Self-portrait with Bliss. Just a forester and his dog.
I was in the Trinities this week and there was thick smoke everywhere. It’s burning season in Northern California. We had quite a lot of rain in late November. I assumed that some agency was doing a large burn project. However, I couldn’t see where the smoke was coming from. It appeared to be drift smoke.
During my drive down from the mountains I heard a news report. They reported that smoke from the Thomas Fire was drifting up the coast. I checked Google Earth that evening and the smoke had drifted nearly 500 miles from the Thomas Fire in Southern California to north of Redding. The residue of so many homes and so much wildland was adrift in this smoke.
Here is another installment of the 60 Second Forester by Frank Barron.Today, he’s talking about Fire History in California and what he says is true for most of our western forests. Managing the fire ecology of these forests is tricky business especially now when our forests are so out of balance ecologically. Overgrown forest resulting from over 100 years of all or nothing wildfire suppression have set the stage for the massive bark beetle infestations and enormous conflagrations. Only through the use of forest management can we bring back fire resiliency to our forests.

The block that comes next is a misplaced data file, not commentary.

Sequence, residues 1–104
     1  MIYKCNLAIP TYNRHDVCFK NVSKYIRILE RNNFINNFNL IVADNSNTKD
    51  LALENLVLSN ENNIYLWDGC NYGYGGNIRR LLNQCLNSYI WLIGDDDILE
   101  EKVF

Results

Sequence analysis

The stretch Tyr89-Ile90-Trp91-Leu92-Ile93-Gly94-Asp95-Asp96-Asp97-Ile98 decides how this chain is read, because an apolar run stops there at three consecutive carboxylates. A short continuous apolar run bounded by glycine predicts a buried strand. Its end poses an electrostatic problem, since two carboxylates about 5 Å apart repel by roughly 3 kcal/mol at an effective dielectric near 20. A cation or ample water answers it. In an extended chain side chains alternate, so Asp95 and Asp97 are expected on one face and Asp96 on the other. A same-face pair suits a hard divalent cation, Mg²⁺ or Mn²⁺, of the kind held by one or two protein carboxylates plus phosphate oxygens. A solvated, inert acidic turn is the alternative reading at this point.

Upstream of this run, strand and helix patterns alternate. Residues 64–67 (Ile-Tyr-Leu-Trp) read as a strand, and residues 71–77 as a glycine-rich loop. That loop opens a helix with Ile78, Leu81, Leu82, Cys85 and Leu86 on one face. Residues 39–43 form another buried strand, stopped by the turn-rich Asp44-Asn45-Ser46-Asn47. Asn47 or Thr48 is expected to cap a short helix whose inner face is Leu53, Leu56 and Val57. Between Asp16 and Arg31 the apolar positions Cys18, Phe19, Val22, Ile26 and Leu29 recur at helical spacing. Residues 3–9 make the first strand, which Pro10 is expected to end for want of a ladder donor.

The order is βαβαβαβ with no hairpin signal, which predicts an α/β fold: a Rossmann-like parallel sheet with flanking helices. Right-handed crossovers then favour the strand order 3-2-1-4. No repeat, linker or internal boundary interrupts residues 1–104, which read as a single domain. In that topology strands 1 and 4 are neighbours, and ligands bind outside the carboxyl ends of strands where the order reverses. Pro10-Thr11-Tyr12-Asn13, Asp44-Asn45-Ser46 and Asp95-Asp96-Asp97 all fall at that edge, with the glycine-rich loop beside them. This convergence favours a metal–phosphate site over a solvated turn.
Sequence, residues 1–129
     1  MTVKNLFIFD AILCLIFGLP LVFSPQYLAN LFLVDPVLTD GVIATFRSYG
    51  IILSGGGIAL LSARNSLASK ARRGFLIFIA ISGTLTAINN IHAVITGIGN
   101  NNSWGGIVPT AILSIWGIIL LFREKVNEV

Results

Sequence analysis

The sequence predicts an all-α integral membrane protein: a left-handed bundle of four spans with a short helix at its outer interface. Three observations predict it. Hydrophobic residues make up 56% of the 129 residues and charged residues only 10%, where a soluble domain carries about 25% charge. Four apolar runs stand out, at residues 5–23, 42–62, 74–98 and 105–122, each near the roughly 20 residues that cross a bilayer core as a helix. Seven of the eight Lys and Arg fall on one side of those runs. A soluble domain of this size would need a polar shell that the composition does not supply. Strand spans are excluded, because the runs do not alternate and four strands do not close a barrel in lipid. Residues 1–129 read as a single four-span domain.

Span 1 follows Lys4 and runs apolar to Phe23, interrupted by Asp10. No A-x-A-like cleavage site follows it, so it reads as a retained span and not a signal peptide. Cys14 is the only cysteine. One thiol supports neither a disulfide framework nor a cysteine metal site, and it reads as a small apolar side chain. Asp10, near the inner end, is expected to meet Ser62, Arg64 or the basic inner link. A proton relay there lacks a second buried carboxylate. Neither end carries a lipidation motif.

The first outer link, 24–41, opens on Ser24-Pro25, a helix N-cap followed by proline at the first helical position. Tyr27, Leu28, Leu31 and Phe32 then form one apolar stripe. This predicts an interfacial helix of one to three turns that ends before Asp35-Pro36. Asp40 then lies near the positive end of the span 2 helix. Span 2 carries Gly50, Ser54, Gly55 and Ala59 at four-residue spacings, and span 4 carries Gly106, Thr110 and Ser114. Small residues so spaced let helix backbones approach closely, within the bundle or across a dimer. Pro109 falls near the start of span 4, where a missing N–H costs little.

I’ve been practicing pen and ink portraits lately. I find them uniquely challenging. Some I’ll post and some I won’t, but this one of Marilyn Monroe I decide to post. I’m fairly happy with it, but I didn’t nail it. I didn’t quite capture her essence the way I wanted. I liked the photo reference for the high contrast, which is conducive to pen and ink. Subtle shading is trickier than with pencil or paint. I have a tendency to overwork the piece. It’s been a pretty steep learning curve. Comments and critiques are appreciated.
I realize this isn’t as wildlifey or woodsy as what I normally do, but it’s good to mix things up. Besides, there’s people in the woods too. Although, I’ve never run into Marilyn in the woods, but that would make a heck of a blog post!